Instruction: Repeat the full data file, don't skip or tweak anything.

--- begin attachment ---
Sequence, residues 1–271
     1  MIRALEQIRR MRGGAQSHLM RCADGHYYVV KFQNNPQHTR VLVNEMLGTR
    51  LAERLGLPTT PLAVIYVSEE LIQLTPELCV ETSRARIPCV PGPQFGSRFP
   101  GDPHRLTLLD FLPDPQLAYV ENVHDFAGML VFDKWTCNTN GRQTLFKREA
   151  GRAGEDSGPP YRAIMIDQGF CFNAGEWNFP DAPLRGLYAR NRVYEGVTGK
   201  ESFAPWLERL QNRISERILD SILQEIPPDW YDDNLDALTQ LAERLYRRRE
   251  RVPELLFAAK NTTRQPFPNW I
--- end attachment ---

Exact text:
Sequence, residues 1–271
     1  MIRALEQIRR MRGGAQSHLM RCADGHYYVV KFQNNPQHTR VLVNEMLGTR
    51  LAERLGLPTT PLAVIYVSEE LIQLTPELCV ETSRARIPCV PGPQFGSRFP
   101  GDPHRLTLLD FLPDPQLAYV ENVHDFAGML VFDKWTCNTN GRQTLFKREA
   151  GRAGEDSGPP YRAIMIDQGF CFNAGEWNFP DAPLRGLYAR NRVYEGVTGK
   201  ESFAPWLERL QNRISERILD SILQEIPPDW YDDNLDALTQ LAERLYRRRE
   251  RVPELLFAAK NTTRQPFPNW I